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Multiple Adjournment of Hearing Date - What are your thoughts?

How would you handle multiple requests for adjournment of the Arbitration Hearing date, made by both sides, which repeatedly comes a week or two before the scheduled commencement date?

Please provide your thoughts/comments below.

Comments (10)

I let them know I'm only granting the request because both sides agree. As they say, it's the parties' process.

Paul Peter Nicolai:

I require that any such request be signed by the parties themselves, not just counsel.

Jeremy M. Goodman:

Depending on the reasons expressed for the adjournments, this is often a perfect opportunity for a conference where the arbitrator insists on the present of clients in addition to counsel. Clients have repeatedly indicated they want arbitration to be an efficient and timely process--and forcing counsel to explain the repeated delays in front of their clients often moves the process along.

Multiple adjournments of hearing dates are usually disruptive. Getting everybody to agree to new dates and finding availabilities may become problematic. Arbitrators, attorneys, witnesses and parties have other obligations and maybe unavailable for long periods of time. However, adjournments do not occur in a void. on many occasions they are justified: a personal reason such as a family matter, a conflict with a court appearance or an urgent matter comes up and may require an adjournment. They also often happen because the parties have reached a phase of the arbitration where they need to pause and perhaps consider a settlement. At some points of the discovery the parties may and perhaps should take stock in where they are and consider the best way forward. The arbitrator should grant requests for adjournments without hesitation when the request is a joint request by both parties. When the request is made by one party then the arbitrator should seriously consider the reason for the request and rule accordingly.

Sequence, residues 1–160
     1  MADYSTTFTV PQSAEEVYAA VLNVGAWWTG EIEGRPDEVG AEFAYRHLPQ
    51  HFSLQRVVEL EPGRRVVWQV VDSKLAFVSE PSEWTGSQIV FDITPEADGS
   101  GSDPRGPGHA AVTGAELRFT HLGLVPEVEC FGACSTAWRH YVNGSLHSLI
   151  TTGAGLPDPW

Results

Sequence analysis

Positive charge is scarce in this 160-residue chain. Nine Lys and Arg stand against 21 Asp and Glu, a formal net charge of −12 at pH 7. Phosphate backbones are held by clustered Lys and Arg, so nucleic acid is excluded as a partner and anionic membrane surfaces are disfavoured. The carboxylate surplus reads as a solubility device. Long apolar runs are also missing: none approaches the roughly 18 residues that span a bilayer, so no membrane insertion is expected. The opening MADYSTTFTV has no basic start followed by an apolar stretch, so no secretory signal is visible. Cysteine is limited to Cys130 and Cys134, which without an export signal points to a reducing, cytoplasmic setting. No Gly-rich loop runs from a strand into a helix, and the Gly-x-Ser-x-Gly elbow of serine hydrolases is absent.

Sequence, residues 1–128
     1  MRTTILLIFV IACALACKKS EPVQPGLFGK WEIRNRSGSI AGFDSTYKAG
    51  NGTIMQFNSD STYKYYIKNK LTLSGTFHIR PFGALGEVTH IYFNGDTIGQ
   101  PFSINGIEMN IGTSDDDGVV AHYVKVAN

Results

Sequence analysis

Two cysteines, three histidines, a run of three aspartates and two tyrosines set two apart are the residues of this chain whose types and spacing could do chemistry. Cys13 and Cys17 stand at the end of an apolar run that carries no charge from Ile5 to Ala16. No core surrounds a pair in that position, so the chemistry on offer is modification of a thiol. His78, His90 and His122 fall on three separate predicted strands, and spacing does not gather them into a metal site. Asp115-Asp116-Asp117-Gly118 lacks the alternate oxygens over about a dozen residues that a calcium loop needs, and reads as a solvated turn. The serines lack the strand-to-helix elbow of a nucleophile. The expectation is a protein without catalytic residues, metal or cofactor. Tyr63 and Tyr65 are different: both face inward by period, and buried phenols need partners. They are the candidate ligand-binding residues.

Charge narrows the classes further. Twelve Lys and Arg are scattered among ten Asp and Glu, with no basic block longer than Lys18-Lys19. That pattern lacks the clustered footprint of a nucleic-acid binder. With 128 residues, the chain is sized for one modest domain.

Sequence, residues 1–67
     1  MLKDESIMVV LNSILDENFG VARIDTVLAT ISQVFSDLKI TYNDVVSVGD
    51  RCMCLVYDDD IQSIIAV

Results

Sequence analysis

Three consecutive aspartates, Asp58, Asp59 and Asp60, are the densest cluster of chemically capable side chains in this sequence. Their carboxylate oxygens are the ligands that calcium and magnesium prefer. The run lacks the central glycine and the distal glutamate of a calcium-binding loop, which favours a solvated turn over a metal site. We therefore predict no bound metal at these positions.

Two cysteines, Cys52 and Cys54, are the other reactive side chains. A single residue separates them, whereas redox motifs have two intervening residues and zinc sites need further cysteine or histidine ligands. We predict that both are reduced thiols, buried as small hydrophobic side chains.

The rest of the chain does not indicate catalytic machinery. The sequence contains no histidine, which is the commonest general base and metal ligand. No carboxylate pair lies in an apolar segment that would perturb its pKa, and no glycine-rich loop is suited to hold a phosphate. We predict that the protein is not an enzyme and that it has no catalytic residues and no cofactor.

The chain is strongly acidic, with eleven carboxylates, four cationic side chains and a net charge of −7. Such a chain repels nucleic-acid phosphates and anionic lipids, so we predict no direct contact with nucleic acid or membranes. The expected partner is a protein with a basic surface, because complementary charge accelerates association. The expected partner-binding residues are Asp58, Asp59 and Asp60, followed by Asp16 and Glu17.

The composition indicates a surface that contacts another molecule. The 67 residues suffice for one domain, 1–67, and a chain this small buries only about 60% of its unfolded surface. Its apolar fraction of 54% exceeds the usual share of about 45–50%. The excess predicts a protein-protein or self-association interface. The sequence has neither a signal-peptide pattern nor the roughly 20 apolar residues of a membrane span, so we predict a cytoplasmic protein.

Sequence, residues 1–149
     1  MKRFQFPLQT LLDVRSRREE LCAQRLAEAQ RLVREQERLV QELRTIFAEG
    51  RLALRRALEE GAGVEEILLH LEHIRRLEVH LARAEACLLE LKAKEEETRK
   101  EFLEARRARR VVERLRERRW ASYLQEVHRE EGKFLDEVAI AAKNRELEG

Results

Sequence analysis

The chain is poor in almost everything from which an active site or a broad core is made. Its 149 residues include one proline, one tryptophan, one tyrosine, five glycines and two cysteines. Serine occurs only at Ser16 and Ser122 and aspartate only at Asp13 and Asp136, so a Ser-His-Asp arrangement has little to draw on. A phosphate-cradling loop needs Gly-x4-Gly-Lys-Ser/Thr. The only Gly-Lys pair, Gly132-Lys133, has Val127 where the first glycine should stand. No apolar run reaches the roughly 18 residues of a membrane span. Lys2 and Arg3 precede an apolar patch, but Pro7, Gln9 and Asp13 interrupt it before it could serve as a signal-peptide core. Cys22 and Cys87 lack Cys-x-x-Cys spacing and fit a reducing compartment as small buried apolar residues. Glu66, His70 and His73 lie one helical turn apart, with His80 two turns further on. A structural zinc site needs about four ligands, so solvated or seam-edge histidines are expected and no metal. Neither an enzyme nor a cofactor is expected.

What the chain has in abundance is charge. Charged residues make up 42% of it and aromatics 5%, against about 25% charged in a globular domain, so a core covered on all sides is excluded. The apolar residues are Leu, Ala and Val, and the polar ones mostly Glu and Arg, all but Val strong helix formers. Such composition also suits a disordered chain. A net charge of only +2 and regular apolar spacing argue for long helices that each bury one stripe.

On a conference call, I would postpone all scheduled hearings for a couple of months and issue an Interim Order, setting forth new hearing dates agreed to by the Parties, with understanding that time is of the essence


You have described a situation that I have thankfully never encountered. I would ask for a conference call with counsel in which I would try to learn what is going on. The most likely reason for something like this is that the parties are trying to settle the case and keep getting close but not to an agreement.

I would remind counsel that sooner or later, the case will have to be tried if there is no pre-hearing solution, and that the continual adjournments are not fair to witnesses, and are costing the parties money, as trial preparation must be done over and over.

If settlement negotiations is the reason, I would suggest mediation and remind them that mediators are available through the AAA or other forum provider.

Ruth Raisfeld:

One adjournment on consent; second adjournment is final; third request is denied. The case will either settle or the lawyers will miraculously get organized.

Christine Whitney:

I request a showing of good cause for first delay, with oral argument, and set a time limit for the second, depending on the nature of the cause. Then it's time for the hearing.

In my experience, the answer is always fact dependent. The illness of a principal of one party is certainly a reason to reschedule and additional changes in the schedule may be required in such cases. I've had multiple requests for postponement where the parties were in agreement to reschedule because they were continuing with direct settlement negotiations. Such postponements are in the interest of a fair and expeditious process. Unilateral requests intended to disrupt the process are another thing entirely.

The core principle is that the arbitral parties own the process; if both sides consent, I will grant the request. If there appears to be an issue with joint consent, such as agreeing to adjourn but not agreeing until when, I will schedule a pre-hearing conference and ask that parties and counsel attend so that I can assure myself that everyone is fully informed as to what is happening. I would give my standard statement that arbitration is designed to be fair, efficient, and expeditious and we seem to be falling down — perhaps with good reason — on the third prong, but if everyone is on board, let’s find new dates.

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